Cold vs Flu: What’s the difference?
On average, adults get two to three colds per year, according to the CDC, and get a flu once every 5 years. They’re both incredibly common and have a lot of similarities.
Despite how many people get colds and flus, there are still a lot of misconceptions around them and quite a lot that people don’t know.
So to help you out, we’ve answered your most frequently asked questions at the end of this article. But first, the information we all need to know about the common cold and flu.
There are a lot of similarities between cold and flu symptoms, but the flu tends to be much more severe. In many cases the flu starts gradually and can at first seem like a cold. There are however some clear distinctions between the two, especially when looking at the type of cough, temperature, whether or not there is any mucus and if your stomach is affected.
- Blocked nose
- Runny nose
- Sore throat
- Muscle aches
- Raised temperature
- Feeling congested (like there's pressure) in your ears and face
- Loss of taste
- Loss of smell
- Sudden high temperature of 38C or above
- Feeling tired or exhausted
- Dry cough
- Sore throat
- Trouble sleeping
- Loss of appetite
- Stomach ache
- Feeling sick
With the cold and flu, there isn’t anything you can do to just get rid of the infection, but you can help get yourself better faster.
To speed up your recovery you can:
- Drink lots of water to prevent dehydration
- Get a lot of rest and sleep
- Stay warm
Paracetamol and ibuprofen are common choices to treat many cold and flu symptoms, and are usually included in cold and flu medication.
Unfortunately it’s not enough to keep distance from someone with a cold, as you can become infectious before symptoms start. The best way to avoid catching a cold is to:
- Wash your hands regularly with warm water and soap
- Don’t share towels
- Don’t drink from the same cup as anyone unwell
- Don’t touch your eyes or nose
- Stay fit and healthy
The most effective way to prevent the flu is through the flu vaccine.
Frequently Asked Questions
A cold is a viral infection of your nose and throat, caused by a number of different viruses. The most common being the rhinovirus. You get sick from these germs entering your eyes, nose, or mouth through droplets in the air, surfaces, or direct contact with someone unwell.
Colds are incredibly contagious and you can be infectious for 2 weeks, or until all your symptoms have gone. Viruses that cause the cold can also live on surfaces for 24 hours, so it’s important that if you have a cold you’re taking precautions to protect others. Steps you can take to limit the spread of your cold are:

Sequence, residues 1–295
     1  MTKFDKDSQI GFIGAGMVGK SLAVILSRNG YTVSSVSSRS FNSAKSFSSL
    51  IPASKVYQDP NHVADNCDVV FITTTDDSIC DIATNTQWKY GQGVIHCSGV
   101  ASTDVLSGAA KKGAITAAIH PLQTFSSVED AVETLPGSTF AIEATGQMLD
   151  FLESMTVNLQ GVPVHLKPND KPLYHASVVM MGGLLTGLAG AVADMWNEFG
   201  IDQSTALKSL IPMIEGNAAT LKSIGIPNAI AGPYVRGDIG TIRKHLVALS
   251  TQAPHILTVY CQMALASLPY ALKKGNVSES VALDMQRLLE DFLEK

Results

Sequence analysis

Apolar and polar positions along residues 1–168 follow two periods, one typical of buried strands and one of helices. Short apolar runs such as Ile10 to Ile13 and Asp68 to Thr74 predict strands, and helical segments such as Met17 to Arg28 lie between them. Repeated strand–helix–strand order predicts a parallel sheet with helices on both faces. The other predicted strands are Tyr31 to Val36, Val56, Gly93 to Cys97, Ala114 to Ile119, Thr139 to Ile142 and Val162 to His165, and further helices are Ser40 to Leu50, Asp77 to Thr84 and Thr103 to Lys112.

- Frequently wash your hands with soap and water
- Cough or sneeze into a tissue and immediately dispose of it
- Clean / wipe down surfaces you use
There isn’t a cure for the cold, but there is medication that can help relieve symptoms. You can get cold and flu medication from your pharmacy in person, or order them from their Healthera Online Shop if you want them delivered.
To lower your temperature or help with aches, painkillers like paracetamol or ibuprofen are a good choice (cough and cold medication tends to include one of these). You can also get decongestants for a blocked nose / sinuses.
If you have a cold, you can start to get a cough as well, usually about 2 to 3 days in, and this can last for about 2 weeks.
Otherwise known as influenza, the flu is an infectious disease caused by the influenza viruses.
A cough is a common symptom of the flu and tends to be dry and can be painful.
Cold and flu medication / treatments tend to be the same as long as the flu doesn’t become too severe. To treat symptoms it’s recommended you get painkillers such as ibuprofen or paracetamol from your pharmacy. Lozenges can also help soothe your throat.
There are a lot of overlapping symptoms of sufferers from each of these, but there are some distinct symptoms that rule out another.
If you have a runny nose or headache, this is most likely to be a cold and you don’t need to get tested for covid.
If you have a high temperature, you’re unlikely to have a cold, but you could have covid, the flu, or really a number of other infections. It’s recommended that you get tested for covid in this case.
With all of these, you can get a cough, but the type of cough tends to be different:
Cold - chesty cough producing phlegm / mucus
Flu - dry cough
Covid-19 - continuous, usually dry, cough
If you’re suffering a cough, cold, flu, or even covid-19, you can order over the counter medication to help ease your symptoms on our online store and have them delivered to you. Feel free to also contact your local pharmacy through the app for recommendations about what would be best for you. - Click here to open the app
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